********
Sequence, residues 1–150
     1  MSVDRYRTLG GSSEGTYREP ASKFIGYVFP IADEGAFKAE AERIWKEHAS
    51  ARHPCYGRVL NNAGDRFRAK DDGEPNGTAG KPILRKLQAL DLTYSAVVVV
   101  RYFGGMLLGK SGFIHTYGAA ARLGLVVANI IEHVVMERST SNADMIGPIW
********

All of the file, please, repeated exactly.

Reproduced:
Sequence, residues 1–150
     1  MSVDRYRTLG GSSEGTYREP ASKFIGYVFP IADEGAFKAE AERIWKEHAS
    51  ARHPCYGRVL NNAGDRFRAK DDGEPNGTAG KPILRKLQAL DLTYSAVVVV
   101  RYFGGMLLGK SGFIHTYGAA ARLGLVVANI IEHVVMERST SNADMIGPIW